It’s been a waiting game for the owner of The Willow Tree this week, after Court Street Grill in Moulton caught fire on Monday night.
That fire spread and destroyed two other businesses, along with the popular restaurant.
The Willow Tree is right next door to Court Street Grill, but it only suffered smoke damage from Monday night's fire.
It wasn't until demolition crews came in on Thursday, in an effort to clean up, that The Willow Tree became another business on the list of those destroyed.
WAAY 31 spoke with the owner who spent the day on Friday cleaning out his store after a wall fell on the roof, collapsing onto thousands of dollars worth of merchandise.
“My nerves, obviously, just going crazy every minute," Craig Johnston said.
Since Monday night, the owner of The Willow Tree, Craig Johnston, had been a nervous wreck. He had been watching the businesses around him disappear, after a fire broke out right next door.
Johnston’s business had smoke damage, but the risk for more damage didn’t go away, as crews continued to battle the fire for about two days, and then demolished what was left on Thursday.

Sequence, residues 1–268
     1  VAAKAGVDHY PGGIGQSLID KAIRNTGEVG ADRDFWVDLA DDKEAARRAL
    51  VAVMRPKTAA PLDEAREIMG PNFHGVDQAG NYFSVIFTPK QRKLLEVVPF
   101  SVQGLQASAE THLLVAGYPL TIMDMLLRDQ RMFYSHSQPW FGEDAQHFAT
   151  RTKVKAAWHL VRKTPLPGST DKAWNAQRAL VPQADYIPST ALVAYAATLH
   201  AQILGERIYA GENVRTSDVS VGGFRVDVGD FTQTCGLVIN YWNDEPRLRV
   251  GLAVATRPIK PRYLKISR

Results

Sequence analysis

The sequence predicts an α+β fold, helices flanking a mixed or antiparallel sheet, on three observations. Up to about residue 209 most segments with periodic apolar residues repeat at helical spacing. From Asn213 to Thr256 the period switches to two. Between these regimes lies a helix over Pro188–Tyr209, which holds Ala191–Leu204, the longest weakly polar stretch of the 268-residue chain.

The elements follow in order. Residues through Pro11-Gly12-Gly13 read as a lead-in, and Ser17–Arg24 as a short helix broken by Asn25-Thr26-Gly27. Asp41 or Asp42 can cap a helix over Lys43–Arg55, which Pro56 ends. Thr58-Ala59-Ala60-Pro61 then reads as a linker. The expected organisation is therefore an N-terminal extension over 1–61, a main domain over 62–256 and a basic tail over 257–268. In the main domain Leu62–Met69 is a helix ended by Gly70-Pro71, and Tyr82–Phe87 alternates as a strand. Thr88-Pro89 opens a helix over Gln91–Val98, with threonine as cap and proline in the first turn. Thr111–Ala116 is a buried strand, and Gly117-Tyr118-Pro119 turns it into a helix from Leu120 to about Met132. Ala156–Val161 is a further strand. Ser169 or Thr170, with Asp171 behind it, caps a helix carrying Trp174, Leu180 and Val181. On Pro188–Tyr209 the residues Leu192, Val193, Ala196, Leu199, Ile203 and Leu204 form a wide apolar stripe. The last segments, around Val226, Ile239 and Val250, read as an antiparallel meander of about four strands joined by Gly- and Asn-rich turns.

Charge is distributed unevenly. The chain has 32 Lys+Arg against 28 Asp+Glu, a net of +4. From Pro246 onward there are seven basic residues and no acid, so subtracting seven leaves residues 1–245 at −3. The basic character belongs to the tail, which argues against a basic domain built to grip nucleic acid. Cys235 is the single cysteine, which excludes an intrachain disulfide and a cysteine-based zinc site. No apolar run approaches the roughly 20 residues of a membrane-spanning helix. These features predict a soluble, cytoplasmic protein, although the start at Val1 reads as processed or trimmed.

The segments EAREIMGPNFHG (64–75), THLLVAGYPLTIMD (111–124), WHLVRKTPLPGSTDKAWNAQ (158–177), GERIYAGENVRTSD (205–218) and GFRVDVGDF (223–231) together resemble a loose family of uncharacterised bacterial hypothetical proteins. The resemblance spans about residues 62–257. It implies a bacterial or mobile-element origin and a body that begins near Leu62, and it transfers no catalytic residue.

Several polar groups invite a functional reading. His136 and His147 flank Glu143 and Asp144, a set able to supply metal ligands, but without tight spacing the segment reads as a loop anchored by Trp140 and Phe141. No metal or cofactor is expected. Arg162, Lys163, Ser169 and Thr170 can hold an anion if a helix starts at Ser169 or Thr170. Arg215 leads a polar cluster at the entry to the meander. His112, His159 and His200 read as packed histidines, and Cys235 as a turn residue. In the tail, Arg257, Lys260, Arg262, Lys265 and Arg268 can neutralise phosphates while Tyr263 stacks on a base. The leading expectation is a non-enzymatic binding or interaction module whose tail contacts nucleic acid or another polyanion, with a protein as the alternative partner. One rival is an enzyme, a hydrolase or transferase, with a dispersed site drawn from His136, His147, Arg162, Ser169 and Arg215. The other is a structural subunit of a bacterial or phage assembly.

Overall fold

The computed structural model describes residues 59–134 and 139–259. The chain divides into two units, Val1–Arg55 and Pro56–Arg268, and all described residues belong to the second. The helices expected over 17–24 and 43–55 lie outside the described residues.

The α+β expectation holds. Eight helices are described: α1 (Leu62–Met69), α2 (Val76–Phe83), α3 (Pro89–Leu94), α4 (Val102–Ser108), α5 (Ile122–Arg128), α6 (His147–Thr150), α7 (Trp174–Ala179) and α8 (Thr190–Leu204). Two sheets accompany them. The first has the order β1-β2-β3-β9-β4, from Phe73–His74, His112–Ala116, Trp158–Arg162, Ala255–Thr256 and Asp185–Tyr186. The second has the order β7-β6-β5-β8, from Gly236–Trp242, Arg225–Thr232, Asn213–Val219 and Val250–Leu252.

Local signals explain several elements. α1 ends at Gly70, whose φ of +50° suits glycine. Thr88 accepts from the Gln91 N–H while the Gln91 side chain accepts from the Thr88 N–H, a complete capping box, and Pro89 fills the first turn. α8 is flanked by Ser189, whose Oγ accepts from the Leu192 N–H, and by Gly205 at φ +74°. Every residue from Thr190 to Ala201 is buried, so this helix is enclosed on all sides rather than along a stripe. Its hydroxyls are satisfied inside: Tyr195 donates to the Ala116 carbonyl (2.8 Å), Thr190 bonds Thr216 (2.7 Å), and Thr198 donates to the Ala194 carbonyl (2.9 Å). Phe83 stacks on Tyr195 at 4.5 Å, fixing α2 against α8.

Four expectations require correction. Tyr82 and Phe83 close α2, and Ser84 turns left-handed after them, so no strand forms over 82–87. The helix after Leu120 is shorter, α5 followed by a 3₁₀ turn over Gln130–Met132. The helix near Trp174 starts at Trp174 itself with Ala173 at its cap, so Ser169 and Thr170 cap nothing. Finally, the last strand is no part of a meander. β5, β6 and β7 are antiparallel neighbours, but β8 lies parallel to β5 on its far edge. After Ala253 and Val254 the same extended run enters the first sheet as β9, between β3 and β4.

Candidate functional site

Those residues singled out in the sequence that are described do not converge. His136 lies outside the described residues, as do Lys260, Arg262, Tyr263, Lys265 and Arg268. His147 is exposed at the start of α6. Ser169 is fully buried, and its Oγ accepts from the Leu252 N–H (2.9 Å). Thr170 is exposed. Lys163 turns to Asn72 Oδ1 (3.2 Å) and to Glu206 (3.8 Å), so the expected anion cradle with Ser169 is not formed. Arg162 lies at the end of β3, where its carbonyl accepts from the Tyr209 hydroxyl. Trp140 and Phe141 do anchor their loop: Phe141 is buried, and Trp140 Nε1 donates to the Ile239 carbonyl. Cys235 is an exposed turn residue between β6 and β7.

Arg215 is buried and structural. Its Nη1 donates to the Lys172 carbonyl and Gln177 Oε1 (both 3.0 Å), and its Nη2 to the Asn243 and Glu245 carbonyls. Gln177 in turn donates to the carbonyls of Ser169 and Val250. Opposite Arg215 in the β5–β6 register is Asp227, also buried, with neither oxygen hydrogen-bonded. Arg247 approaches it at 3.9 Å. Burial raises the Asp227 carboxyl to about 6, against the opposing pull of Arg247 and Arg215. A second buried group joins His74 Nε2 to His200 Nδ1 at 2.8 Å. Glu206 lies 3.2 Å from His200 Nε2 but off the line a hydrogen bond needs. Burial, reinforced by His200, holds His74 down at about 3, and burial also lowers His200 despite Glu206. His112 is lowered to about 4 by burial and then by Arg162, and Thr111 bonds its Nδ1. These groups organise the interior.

During that demolition, a wall from the adjoining business fell on the roof of Johnston’s store, causing his worst nightmare to become reality.
“I exclaimed, ‘Oh god, it happened!’ My first reaction was to just sit here and cry," Johnston said. "Not just the impact to this business that I’ve worked very hard to build, but, most importantly, my vendors who lost merchandise.”
And while Johnston did shed a few tears, he immediately started working to save as much of his business as he could.
“I could not wait another moment," he said. "I went around some of the machinery and actually opened the door and went into the store.”
It’s been a long week for Johnston, with Thursday night and Friday being the longest, as he and others forfeited sleep to clean out his store.
“We had, I think, three or four trailers show up and multiple SUVs," he said. "At one point, I would dare to say there were about sixty people in here, carting merchandise and packing merchandise.”
Johnston is afraid his store will now have to be demolished.
“This is pretty much exactly what happened to Deja Vu," he said.
But Johnston said the support he’s received from the community makes him want to rebuild.
“They are encouraging me to do what we would want to do and that is to open the business back up," he said. "So, we’re going to shoot for that, and who knows how long that will take, but we’re definitely going to shoot for that.”